Where you publish can be as important as what you publish. Consider the following when choosing a journal to which to submit your article:
- How does the journal rank according to impact factor and other journal metrics?
- Who is on the editorial board of the journal?
- Can you easily identify and contact the journal’s publisher?
- Is the journal’s peer review process explicit?
- Is the journal or publisher a member of a recognized industry initiative?
- What opinion do your colleagues and mentors have of the journal?
- Does the journal publish research that is relevant to your work?
- Does the journal publish the type of article that you want to write?
- Who reads the journal? Is this the audience that you want to read your work?
- Is the journal indexed by major databases, such as PubMed, Web of Science, or other discipline-specific databases? This information can be found on the journal’s website or Ulrichsweb (see below).
- Does the journal offer extra services, such as graphical abstracts, videos or social media promotion?
Public and Open Access
- Do you wish to publish in an open access journal, or a journal that has an open access option? If so, what are the associated article processing charges (APCs)?
- Does your article need to comply with a funder’s public access policy?
- Does the journal allow self-archiving a version of the article on a personal website or institutional repository? Is there an embargo period?
Finding Journal Metrics
For an explanation of the metrics mentioned below, see ‘How is Journal Impact Measured?’ in our Measuring Research Impact guide: http://researchguides.library.tufts.edu/researchimpact.
- Journal Citation Reports: Journal Citation Reports provides Impact Factors, Eigenfactors and Article Influence Scores for science and social science journals.
- Scopus: Scopus provides CiteScore, SCImago Journal Rank (SJR) and Source Normalized Impact per Paper (SNIP) for journals and book series. These metrics are also freely available at Journal Metrics.
Other Resources for Evaluating Journals
Predatory, or illegitimate, publishers and journals have proliferated in recent years. These journals collect article processing charges (APCs) without providing publisher services, such as peer review, editing, and long-term preservation and access, in return (note that many legitimate publishers and journals have APCs for open access). While it can be difficult to determine whether or not a journal is predatory, the questions above and the resources listed below can help you distinguish a predatory journal from one that is not. In addition, you can look at the potential characteristics of predatory journals identified in a recent cross-sectional study of biomedical journals.1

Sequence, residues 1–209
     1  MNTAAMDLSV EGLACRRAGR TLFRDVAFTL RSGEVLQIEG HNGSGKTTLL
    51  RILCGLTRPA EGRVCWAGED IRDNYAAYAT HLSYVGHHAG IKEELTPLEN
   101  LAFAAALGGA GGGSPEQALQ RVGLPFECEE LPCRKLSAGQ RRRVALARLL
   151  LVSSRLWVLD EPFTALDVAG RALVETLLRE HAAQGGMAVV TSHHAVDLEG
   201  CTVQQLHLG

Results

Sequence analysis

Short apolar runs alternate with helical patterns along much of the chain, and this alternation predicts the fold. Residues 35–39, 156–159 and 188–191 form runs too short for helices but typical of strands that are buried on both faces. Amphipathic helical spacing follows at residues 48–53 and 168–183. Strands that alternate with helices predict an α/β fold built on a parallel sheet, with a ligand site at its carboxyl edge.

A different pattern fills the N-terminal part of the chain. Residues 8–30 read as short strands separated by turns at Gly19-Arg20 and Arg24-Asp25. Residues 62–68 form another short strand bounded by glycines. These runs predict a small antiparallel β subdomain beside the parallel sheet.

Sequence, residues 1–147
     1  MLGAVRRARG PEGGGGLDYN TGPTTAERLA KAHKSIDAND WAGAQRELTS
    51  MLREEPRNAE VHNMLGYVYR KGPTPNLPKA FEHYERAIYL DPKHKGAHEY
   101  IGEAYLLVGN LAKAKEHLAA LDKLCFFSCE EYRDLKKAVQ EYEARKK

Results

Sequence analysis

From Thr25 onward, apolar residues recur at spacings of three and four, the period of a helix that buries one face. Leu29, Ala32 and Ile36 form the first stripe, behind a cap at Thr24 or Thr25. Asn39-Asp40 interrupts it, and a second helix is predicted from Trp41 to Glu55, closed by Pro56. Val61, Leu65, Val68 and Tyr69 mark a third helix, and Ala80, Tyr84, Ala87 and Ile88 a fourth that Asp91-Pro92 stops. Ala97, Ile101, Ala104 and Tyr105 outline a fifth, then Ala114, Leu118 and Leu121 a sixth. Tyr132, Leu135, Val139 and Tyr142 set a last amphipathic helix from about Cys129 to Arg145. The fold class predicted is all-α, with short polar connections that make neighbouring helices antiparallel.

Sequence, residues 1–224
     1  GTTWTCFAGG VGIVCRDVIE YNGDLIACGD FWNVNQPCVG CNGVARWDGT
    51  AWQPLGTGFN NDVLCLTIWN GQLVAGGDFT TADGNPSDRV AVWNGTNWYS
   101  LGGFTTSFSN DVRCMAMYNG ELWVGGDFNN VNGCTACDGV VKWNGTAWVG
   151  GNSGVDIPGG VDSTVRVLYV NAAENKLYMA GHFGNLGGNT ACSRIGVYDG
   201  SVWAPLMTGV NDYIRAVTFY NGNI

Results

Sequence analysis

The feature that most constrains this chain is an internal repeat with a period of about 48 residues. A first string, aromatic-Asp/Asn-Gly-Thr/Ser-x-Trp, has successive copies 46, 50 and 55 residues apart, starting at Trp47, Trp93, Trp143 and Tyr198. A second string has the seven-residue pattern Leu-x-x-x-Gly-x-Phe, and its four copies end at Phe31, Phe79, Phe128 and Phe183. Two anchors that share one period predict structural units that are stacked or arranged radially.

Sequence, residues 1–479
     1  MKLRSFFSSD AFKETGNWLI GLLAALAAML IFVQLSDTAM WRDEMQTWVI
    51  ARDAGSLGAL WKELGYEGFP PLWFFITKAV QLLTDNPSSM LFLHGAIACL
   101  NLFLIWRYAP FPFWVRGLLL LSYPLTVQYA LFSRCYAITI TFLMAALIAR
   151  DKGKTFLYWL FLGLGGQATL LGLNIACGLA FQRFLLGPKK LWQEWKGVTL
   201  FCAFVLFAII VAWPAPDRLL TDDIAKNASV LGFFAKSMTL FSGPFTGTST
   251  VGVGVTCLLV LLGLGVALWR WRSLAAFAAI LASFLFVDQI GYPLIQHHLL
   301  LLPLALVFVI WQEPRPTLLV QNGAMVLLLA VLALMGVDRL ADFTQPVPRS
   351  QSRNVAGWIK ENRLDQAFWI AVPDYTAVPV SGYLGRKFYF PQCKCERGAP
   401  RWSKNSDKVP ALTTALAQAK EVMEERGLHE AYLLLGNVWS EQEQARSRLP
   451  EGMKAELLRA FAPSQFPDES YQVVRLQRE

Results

- Committee on Publication Ethics (COPE): COPE provides advice to editors and publishers on all aspects of publication ethics, in particular how to handle research and publication misconduct. COPE members are expected to follow a code of conduct for journal editors. Search ‘Member’ page for journal or publisher.
- Directory of Open Access Journals (DOAJ): Directory of peer-reviewed open access journals. Journals must apply to be included in this directory. Journals that adhere to an exceptionally high level of publishing standards are awarded the DOAJ Seal.
- NLM Catalog: Search the National Library of Medicine Catalog (NLM) to discover which journals are indexed in PubMed/MEDLINE and other National Center for Biotechnology Information (NCBI) databases.
- Open Access Scholarly Publishers Association (OASPA): OASPA develops business models, tools and standards for open access publishers. Publishers must apply for membership to this organization, and are expected to adhere to set criteria. View ‘Member’ page for complete membership list.
- Ulrichsweb: Ulrichsweb™ is an authoritative source of bibliographic and publisher information on more than 300,000 periodicals of all types–academic and scholarly journals, Open Access publications, peer-reviewed titles, popular magazines, newspapers, newsletters, and more from around the world.
Match Your Manuscript to a Journal
If you are having trouble finding a journal for your manuscript, then try a manuscript matcher. These tools recommend journals based on your manuscript’s title, abstract or keywords.
- EndNote Manuscript Matcher: Manuscript matcher, a feature in EndNote online, uses Web of Science data to suggest journals based on the title, abstract and references of your article. Anyone can create an online EndNote account, which can be synced with the desktop version of EndNote. Once you sign in to your online account, look for ‘Match’ in the menu at the top.
- Journal/Author Name Estimator (JANE): JANE compares the title and/or abstract of your article to MEDLINE records to find journals that are the best match for your article.
- JournalGuide: Free tool that helps researchers evaluate journals. Paper Match feature offers journal recommendations based on your manuscript’s title, abstract and/or keywords. Informational page for each journal lists its aims and scope, Source Normalized Impact per Paper (SNIP), acceptance rate, submission and publication charges, when available, responsiveness and speed of publication. ‘Verified’ journals have been verified by third party indexes as recognized, reputable journals in their field.
1Shamseer L, Moher D, Maduekwe O, Turner L, Barbour V, Burch R, Clark J, Galipeau J, Roberts J, Shea BJ. Potential predatory and legitimate biomedical journals: can you tell the difference? A cross-sectional comparison. BMC Med. 2017;15(1):28; PMID: 28298236.
One thought on “Notes from the Library…Choosing Where to Publish”
I think you make some really important points.
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